Helping to create a definition, Carly says: “A toxic workplace can be any work environment, it doesn’t have to be an office, that has a detrimental effect on its employees. That could be [in terms of] their performance and productivity, or their physical, spiritual, and mental health, wellbeing, and happiness.”
And the fact is, toxicity doesn’t just happen to manifest in a business. Individuals within that company contribute to the culture, and the experience of those around them.
“You can only have a toxic workplace if there are toxic behaviours coming from people,” Carly says. “And unknowingly or not, everyone can play a role, whether that’s poor communication, gossiping, or feeding a cycle of negativity.
“It’s important for us all to be self-aware and reflect on how we can manage each work situation in the best, most authentic and professional way possible.”
Regardless of whether we’re part of a world-wide organisation, or a small family-run business, each and every person brings different perspectives and qualities to a workplace, and they’ll perceive their professional interactions and experiences differently, too. Acknowledging this, as well as taking proactive responsibility for our own contributing behaviours, is key, Carly says, to managing our emotions when experiencing professional toxicity.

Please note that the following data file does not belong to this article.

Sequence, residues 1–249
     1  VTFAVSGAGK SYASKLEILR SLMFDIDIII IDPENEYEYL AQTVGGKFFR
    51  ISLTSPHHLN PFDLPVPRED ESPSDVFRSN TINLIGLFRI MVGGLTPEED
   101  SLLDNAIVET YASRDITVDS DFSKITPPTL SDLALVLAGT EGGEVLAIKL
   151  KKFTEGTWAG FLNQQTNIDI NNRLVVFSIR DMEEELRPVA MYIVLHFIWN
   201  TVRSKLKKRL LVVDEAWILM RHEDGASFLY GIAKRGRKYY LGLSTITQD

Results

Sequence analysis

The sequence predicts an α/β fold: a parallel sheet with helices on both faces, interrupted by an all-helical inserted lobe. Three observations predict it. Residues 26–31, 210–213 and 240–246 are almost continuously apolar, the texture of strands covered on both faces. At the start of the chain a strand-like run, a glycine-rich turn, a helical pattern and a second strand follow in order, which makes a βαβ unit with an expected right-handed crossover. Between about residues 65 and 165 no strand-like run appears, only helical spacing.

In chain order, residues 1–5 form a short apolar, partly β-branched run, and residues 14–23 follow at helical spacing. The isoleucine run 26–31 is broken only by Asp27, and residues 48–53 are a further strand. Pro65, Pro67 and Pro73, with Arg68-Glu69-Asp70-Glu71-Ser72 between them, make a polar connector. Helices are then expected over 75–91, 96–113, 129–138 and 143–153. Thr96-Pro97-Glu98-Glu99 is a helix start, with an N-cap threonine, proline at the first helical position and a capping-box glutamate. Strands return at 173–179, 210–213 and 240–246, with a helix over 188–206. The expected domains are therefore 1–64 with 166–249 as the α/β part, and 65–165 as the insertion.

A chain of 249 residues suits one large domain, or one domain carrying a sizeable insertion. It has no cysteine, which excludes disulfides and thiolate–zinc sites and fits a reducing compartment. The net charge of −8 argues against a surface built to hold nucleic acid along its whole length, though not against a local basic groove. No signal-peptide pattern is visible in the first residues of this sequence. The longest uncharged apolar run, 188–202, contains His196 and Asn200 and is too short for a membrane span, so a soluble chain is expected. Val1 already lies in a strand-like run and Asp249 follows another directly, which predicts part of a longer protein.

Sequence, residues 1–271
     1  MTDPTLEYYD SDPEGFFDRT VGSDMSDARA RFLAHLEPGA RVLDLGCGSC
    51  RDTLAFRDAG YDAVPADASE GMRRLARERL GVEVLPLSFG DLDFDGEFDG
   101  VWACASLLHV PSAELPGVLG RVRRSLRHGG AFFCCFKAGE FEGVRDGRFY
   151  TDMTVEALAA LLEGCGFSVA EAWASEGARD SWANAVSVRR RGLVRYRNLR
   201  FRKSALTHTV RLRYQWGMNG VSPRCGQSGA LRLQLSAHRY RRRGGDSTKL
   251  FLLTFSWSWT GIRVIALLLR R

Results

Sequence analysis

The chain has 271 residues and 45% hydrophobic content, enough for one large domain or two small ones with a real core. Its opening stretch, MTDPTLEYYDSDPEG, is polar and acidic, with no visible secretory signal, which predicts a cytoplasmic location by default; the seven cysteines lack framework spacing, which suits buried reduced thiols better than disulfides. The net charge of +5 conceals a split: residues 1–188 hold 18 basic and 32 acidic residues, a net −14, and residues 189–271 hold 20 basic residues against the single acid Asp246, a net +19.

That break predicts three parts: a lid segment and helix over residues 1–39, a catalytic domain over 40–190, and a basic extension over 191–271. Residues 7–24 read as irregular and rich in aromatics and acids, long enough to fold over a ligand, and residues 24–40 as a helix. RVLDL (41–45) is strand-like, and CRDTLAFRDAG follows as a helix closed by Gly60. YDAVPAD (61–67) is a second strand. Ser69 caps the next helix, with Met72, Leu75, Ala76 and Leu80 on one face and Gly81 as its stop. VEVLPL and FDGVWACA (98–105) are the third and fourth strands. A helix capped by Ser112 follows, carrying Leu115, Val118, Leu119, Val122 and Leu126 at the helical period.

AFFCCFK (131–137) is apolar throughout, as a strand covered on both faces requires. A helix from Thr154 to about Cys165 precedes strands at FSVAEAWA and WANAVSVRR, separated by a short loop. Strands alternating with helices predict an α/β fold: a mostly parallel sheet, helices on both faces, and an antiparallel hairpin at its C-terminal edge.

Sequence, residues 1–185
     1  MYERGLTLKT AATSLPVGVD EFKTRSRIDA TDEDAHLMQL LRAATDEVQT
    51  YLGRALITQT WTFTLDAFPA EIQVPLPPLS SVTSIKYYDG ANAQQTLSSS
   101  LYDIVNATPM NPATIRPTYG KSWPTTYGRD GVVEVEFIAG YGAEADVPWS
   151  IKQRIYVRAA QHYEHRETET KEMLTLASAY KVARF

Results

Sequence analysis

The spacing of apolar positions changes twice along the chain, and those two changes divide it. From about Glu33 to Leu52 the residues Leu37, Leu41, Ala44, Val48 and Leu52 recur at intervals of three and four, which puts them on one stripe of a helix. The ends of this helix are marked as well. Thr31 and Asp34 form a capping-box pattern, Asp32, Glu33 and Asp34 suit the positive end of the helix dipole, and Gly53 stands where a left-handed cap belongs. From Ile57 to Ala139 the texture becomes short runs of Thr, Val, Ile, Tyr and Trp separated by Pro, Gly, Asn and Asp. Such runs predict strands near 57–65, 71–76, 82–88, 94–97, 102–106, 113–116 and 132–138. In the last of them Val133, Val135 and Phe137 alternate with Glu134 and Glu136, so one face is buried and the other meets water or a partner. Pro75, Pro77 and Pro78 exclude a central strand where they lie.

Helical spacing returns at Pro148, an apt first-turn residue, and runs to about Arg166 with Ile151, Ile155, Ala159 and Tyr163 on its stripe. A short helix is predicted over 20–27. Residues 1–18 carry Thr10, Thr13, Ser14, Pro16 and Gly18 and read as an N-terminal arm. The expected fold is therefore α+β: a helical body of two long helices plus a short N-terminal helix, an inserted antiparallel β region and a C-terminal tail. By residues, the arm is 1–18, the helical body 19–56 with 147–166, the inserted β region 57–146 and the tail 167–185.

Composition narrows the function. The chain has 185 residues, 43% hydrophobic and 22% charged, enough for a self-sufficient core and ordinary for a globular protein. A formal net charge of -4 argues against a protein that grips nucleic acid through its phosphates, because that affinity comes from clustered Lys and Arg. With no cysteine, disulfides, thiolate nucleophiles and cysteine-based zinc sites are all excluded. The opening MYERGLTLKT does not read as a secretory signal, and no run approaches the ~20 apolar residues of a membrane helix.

“My personal opinion is that the sense of a toxic workplace isn’t the same for everybody, and some people will be more affected than others. However for most people, being in a toxic workplace, dealing with a toxic situation or colleague, is unavoidable at some point in their life. So for me, the question is how can you prepare for it, if it is inevitable?”
Being aware of what a healthy work environment looks like to you, and what behaviours or situations might be triggering, can enable you to identify and try to address an issue before it escalates. Is it high staff turnover signposting deep-rooted issues? Or perhaps it’s burnout from prolonged stress? Is it a lack of communication, support, or growth opportunities? Is it unrealistic expectations weighing on your shoulders, or a specific individual/group of people whose comments make you uncomfortable? While the contributing factors may vary, the overall feeling you’re often left with is Sunday-night anxiety, dreading the working week.